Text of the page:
If you’re like a lot of people, you tend to look forward to the holidays in the distance, but soon find yourself more bewildered than enchanted as they come rushing over you like a runaway herd of Safari wildlife.
And we run ourselves ragged to the other side of it all trying to catch our breath in time to exhale some feeble New Year’s resolutions.
Well not this year!
This year you’re going to tame and destress the holidays, make lots of great memories, and stroll calmly into the New Year ready for your best year yet.
I just need you to answer one question.
If you came out on the other side of the holiday season having accomplished only one thing, what would that have to be for you to consider it a successful time?
What is the biggest reason you look forward to this time of year – if you had to pick just one?
Since having kids, our favorite part of the holiday season is celebrating with family.
If we boiled the whole season down to one thing, that’s what it would be – family.
So why do we allow our lives to become so harried and full of extraneous stuff???
I know there are plenty of people and organizations and situations to blame – after all, it’s probably the busiest time of year for guilt-trip travel agencies everywhere.
“What will the church group think of me if I don’t help carol at the retirement home?”
“I’ve got to pack an Operation Christmas Child box and get my Angel Tree gifts and I better take something to the food pantry. It’s for the children.”
“You can’t ignore the Salvation Army bell ringers. THEY’RE STANDING OUTSIDE IN THE COLD, what have you done?!”
Those kinds of guilt-trip opportunities try to bombard us from all sides, but we can avoid many of them or brush them off more easily if we don’t have a personal connection. Too often, though, it’s our own minds sneaking off and volunteering as guilt-trip travel agents – spamming our thoughts with ticket sales that seem too hard to ignore.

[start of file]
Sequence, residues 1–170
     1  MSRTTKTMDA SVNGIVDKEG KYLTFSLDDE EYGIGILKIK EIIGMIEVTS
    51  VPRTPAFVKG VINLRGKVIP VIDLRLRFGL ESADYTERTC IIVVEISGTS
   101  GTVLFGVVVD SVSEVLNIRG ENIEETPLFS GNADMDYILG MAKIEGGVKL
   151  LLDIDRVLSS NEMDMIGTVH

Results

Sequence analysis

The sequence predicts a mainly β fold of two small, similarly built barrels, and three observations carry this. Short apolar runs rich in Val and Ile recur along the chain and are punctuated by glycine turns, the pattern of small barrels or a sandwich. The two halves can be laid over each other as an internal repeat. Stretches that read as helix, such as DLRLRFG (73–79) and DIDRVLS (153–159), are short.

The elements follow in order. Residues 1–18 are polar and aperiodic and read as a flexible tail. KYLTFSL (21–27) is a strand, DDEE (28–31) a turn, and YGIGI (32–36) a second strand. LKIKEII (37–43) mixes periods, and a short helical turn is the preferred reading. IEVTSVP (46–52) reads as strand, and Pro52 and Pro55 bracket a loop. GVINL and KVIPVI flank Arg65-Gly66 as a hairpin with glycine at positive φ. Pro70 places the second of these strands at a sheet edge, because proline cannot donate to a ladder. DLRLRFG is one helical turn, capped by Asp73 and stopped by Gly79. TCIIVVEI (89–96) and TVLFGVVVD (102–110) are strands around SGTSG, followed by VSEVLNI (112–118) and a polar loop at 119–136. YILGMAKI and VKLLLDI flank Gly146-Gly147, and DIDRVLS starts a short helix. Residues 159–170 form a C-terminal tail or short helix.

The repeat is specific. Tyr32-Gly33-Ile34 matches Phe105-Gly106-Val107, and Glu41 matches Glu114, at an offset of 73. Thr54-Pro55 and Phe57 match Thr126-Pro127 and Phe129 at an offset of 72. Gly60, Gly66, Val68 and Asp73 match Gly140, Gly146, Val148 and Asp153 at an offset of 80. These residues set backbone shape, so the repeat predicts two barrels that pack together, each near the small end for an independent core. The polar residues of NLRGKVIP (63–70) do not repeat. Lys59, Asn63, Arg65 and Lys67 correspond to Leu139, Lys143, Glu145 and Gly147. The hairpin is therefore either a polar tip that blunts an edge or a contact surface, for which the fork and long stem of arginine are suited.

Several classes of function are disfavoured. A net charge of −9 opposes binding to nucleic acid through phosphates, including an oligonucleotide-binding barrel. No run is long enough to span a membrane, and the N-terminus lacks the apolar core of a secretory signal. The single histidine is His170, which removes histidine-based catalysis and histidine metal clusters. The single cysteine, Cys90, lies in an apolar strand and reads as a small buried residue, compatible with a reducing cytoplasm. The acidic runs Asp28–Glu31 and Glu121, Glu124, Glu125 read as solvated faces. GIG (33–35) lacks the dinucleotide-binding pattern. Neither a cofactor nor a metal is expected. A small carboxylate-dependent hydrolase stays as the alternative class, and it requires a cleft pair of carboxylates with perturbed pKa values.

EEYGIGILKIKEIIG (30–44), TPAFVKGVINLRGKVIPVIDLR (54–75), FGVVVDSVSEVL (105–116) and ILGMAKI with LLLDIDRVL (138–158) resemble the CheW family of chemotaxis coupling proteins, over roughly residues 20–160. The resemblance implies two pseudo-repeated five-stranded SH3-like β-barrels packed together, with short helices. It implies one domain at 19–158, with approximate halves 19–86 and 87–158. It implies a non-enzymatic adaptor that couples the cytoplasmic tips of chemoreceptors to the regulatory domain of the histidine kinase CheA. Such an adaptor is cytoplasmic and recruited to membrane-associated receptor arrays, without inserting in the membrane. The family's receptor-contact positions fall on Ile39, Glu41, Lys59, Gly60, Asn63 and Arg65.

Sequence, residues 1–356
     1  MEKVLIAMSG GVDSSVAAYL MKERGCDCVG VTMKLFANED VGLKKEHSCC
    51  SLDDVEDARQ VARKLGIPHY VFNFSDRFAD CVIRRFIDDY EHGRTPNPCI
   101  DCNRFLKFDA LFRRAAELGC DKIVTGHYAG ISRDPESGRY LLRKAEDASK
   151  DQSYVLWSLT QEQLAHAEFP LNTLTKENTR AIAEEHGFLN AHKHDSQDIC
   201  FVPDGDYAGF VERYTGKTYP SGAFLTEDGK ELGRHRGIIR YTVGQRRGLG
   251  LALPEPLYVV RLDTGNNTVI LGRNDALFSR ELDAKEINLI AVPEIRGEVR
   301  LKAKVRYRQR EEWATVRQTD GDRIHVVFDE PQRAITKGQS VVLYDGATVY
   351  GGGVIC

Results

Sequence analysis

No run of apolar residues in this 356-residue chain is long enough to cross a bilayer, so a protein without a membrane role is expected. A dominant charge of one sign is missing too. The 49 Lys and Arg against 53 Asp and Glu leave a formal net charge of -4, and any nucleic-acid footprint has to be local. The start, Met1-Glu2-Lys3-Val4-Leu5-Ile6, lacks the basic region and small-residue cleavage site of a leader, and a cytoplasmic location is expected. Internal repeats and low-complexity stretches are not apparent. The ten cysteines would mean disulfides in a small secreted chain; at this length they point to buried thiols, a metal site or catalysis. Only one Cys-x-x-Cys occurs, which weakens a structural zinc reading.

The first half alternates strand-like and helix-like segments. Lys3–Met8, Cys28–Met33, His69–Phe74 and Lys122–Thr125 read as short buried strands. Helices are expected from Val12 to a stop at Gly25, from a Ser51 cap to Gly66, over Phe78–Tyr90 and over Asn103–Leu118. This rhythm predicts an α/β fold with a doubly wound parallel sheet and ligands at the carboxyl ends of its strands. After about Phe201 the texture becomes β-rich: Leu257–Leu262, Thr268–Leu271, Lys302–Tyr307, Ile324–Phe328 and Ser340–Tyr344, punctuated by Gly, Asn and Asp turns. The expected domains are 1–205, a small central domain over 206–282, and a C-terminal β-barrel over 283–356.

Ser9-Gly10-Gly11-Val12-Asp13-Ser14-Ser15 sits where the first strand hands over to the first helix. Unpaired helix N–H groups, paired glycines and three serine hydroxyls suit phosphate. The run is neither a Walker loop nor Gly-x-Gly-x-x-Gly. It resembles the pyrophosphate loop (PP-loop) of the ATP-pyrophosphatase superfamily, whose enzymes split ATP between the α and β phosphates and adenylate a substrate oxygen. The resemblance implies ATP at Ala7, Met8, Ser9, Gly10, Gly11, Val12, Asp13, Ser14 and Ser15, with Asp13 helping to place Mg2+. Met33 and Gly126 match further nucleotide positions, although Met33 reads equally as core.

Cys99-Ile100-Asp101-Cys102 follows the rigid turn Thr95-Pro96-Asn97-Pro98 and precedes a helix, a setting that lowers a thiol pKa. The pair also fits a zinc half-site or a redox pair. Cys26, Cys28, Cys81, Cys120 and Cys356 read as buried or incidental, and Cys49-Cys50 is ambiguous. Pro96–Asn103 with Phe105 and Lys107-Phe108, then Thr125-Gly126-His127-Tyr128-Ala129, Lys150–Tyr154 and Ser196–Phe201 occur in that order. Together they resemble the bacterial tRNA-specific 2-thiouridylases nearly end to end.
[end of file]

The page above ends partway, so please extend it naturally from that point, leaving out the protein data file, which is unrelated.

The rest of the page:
“I have to get something good for her, she spent a lot on me last year.”
“The Jone’s kids each get 10 presents, how are my kids going to feel being around that when they only got 5?”
“Everyone else is doing [easyazon_link identifier=”0976990709″ locale=”US” tag=”tictin-20″]Elf on the Shelf[/easyazon_link] and I barely got a tree put up!”
And on, and on, and on, and on…
Each year gets just a little busier, just a little Pinterest-ier…
But you don’t have to buy a ticket on the Guilt-Trip Express.
What if instead you wrote a family mission statement or creed of sorts for your holiday season?
Ours might be:
Spend time with family making memories and loving others; take time to reflect on the past year, seeking God for wisdom in planning for the next.
If we put it in goal form instead, it might look like this:
- Spend time with family and love people well.
- Reflect on the past year and plan for the next.
- Don’t go into January with a wrecked budget.
What if you based the success of your holidays solely on that creed or goals?
What if you filtered all of your decisions and “obligations” for the season through that lens, and let yourself off the hook for everything that didn’t support or enhance your purpose?
This might seem easier said than done, but why not sit down as a family and see if you can get on the same page about your real goals for the holiday season.
Invite your extended family into the discussion if you feel comfortable doing that – you might solve some pesky issues.
Your mission statement doesn’t need to look anything like ours, but I do recommend that you keep it very simple and basic. You can get more detailed in your planning, but this part should focus on your underlying purpose.
Are you ready to stop putting unnecessary expectations on yourself?
This month we’re coming out of a bit of a hibernation to post something every single day as part of a blog series focusing on SIMPLIFYING this time of the year, so check out this page for a sneak peak of some of what you can expect and join the conversation!